UBC Theses and Dissertations
The influence of temperature, salinity, and dissolved oxygen on juvenile salmon distributions in a nearshore estuarine environment Mesa, Kathryn A.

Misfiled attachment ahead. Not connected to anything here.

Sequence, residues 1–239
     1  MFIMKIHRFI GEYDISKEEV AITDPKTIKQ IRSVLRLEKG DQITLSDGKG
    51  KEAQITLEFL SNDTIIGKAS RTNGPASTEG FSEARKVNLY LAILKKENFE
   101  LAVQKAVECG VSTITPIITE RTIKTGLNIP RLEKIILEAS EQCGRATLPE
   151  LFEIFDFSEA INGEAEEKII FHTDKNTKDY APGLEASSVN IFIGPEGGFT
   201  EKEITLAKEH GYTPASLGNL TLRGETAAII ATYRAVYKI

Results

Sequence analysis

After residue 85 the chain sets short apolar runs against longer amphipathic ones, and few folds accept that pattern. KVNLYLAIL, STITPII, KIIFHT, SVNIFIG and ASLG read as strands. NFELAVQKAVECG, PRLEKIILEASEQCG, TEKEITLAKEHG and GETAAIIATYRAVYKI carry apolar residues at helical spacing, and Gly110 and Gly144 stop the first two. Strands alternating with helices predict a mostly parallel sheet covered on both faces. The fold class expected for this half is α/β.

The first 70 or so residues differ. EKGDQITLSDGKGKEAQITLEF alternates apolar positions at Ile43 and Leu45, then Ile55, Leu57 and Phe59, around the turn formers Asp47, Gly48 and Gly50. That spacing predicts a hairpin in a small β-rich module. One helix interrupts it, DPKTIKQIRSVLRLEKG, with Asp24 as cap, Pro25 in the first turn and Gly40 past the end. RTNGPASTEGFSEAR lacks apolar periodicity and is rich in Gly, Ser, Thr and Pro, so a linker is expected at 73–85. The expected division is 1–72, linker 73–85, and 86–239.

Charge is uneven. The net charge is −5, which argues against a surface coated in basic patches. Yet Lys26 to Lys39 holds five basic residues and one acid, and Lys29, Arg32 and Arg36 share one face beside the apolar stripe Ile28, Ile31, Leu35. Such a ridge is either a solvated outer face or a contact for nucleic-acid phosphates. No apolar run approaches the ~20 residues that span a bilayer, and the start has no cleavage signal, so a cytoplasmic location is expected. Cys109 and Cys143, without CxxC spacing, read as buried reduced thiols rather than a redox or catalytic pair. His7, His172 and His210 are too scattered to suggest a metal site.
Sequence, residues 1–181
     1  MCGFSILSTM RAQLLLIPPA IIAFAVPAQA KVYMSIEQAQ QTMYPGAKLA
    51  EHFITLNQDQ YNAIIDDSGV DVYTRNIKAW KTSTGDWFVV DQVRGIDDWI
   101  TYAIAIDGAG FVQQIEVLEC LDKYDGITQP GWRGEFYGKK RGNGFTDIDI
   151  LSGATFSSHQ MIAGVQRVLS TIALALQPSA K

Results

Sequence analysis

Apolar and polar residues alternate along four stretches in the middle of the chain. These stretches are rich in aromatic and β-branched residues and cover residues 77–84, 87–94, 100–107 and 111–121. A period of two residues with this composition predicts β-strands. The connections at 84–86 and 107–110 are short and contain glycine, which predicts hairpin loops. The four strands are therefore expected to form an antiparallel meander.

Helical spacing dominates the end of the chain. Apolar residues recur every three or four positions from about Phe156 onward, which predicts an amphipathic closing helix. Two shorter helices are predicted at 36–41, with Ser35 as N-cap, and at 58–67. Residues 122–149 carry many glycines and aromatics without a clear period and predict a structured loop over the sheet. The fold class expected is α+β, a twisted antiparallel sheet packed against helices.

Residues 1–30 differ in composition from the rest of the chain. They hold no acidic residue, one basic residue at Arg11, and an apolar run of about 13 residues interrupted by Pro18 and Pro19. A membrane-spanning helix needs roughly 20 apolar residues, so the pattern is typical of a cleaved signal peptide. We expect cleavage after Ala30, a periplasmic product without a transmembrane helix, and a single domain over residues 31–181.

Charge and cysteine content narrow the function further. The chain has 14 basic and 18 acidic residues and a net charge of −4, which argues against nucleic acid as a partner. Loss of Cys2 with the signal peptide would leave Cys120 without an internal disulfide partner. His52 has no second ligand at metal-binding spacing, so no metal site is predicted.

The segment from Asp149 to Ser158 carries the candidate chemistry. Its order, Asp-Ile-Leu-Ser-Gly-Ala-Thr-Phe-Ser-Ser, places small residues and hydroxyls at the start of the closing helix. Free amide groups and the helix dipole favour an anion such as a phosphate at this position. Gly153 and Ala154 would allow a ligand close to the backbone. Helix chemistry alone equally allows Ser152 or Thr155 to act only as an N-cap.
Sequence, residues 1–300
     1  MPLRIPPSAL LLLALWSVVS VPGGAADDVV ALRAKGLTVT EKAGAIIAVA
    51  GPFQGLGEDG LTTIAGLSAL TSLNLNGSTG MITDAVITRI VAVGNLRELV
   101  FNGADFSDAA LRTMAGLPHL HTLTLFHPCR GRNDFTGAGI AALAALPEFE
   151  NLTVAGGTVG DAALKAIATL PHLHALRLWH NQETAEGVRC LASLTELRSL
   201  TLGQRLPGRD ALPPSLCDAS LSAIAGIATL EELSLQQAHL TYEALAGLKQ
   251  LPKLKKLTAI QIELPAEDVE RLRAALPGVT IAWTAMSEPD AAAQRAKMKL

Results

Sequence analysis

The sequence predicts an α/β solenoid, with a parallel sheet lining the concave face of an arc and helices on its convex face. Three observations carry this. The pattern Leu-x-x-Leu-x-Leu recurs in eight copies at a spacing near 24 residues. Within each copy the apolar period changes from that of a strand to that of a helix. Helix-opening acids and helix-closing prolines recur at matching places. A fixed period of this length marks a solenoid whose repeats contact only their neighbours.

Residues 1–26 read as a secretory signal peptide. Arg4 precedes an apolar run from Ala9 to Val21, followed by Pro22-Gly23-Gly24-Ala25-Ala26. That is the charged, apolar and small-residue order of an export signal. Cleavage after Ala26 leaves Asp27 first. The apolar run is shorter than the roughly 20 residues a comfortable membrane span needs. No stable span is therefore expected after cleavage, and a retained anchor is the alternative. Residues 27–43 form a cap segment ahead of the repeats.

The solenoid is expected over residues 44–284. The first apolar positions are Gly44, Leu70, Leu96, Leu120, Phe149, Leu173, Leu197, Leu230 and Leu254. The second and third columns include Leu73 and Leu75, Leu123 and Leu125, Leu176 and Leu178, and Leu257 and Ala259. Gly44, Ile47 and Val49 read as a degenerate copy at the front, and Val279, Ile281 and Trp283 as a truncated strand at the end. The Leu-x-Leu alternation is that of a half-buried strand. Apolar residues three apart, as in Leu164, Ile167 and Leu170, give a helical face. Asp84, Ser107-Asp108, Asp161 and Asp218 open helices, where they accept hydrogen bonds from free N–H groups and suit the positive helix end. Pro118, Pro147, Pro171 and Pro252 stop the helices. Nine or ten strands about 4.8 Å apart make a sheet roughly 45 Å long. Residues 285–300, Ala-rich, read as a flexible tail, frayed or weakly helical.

This study examines the effects of a low oxygen environment, in concert with fluctuating temperature and salinity conditions, on the nearshore depth distributions (0-1 m) and flood tide movements of juvenile chinook (Oncorhynchus tshawytscha) and chum (O. keta) salmon. Comparisons are made between an unpolluted and a sewage polluted estuarine intertidal flat in the Fraser River estuary, British Columbia, the polluted area being characterized by the regular occurrence of low dissolved oxygen levels. Results are based on 380 beach seine samples taken between April and June of 1984. In general, chum and chinook salmon of increasing length were captured in increasing depths, though this pattern was modified by seasonal changes in water temperature. Low dissolved oxygen conditions in deeper waters may have been responsible for the presence of larger, and often sluggishly swimming fish in higher oxygenated surface water layers or in shallow waters near the shore. In both areas, the risk of aerial predation was high. On a flood tide, the likelihood of capturing a chinook salmon was reduced as temperatures increased and oxygen levels decreased. A combination of avoidance behaviour and a regularity in the movement patterns of chinook onto the study area in the later stages of the flood tide may account for their rare occurrence in low oxygen concentrations (<6 mg/1) and high temperatures (>20 °C). Fish mortalities were most likely to occur on the ebb tide when fish were forced into waters of low oxygen content by the drainage patterns characteristic of the polluted study area. Though wide ranges in salinity were recorded on both tidal flats, this factor was not strongly correlated to Chinook distributions. However, significantly higher salinity levels in the unpolluted area may account for the greater numbers of chum salmon captured there. An understanding of the influence of estuarine water quality conditions on the distribution of juvenile salmonids may assist in the identification of significant sources of mortality in their early marine life. This knowledge is particularly important in the evaluation of water quality changes as caused by human activity.
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